The mass of glassy rock tapped beneath their feet, as the humans who’d volunteered for the buffer zone practiced the run they would use to move in groups during entry and exit. Center point leaders would guide group direction toward intended placements. Everyone ran bent over, arms splayed behind them, to increase their aerial visibility. The position reduced the likelihood of becoming an unintended target by a friendly force. “From above, you’d look like a bee doing a bee dance, instead of just a body under a head,” is how Mirya Ayo put it to her group of buffer zone protesters. It was an unusual way to run, as if under low branches while holding weapons, but people figured it out.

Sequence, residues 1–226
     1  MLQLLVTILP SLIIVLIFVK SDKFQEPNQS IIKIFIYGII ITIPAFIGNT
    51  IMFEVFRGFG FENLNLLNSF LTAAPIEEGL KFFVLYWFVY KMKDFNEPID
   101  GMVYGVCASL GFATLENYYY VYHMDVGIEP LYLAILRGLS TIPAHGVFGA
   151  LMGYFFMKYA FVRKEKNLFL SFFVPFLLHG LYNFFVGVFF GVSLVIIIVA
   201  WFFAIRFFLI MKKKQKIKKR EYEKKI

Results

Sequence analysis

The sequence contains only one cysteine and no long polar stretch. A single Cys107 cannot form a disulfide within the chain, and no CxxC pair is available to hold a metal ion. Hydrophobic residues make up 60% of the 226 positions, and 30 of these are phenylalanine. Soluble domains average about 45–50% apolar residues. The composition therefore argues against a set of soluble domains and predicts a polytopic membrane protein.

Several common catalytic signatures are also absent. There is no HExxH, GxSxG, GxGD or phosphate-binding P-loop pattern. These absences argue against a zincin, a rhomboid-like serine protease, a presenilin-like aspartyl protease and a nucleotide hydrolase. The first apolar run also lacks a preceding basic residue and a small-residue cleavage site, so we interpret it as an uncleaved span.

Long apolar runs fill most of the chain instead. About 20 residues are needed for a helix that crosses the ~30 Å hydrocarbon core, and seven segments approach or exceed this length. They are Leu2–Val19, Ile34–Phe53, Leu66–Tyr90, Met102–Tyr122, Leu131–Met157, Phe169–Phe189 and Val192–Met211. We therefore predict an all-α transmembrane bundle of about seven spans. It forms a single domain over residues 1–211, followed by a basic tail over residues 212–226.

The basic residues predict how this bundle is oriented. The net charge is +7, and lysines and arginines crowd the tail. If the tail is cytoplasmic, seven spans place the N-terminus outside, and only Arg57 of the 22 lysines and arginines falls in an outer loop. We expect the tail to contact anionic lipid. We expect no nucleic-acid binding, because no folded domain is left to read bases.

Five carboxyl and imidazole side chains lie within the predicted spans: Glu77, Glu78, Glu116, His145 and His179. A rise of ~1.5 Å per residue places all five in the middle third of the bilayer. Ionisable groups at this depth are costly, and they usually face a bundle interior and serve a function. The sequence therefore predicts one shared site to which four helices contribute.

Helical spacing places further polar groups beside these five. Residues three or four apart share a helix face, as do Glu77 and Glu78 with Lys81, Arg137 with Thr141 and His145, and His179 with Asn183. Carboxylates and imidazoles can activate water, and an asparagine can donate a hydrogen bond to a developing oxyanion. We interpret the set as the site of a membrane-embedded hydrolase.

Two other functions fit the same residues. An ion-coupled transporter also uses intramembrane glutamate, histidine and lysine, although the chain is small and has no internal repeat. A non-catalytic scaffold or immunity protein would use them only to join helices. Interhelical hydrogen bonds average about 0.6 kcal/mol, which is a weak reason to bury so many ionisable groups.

They did this training inside of incredible scenery – a pocket floating island within an uncrossable branch of rapids in the off-season Oriya aerial river. Uncrossable, except by the schools of silvers, their leathery disclike bodies making twirling extended leaps. The island they stood on was made of the kind of stone with a unique planetary magnetogravitational relationship. Floating veins of this stone created the conditions for the aerial river. The configuration of other giant gems nearby caused the rapids to whoosh around them like a pocket with an opening, keeping them unseen.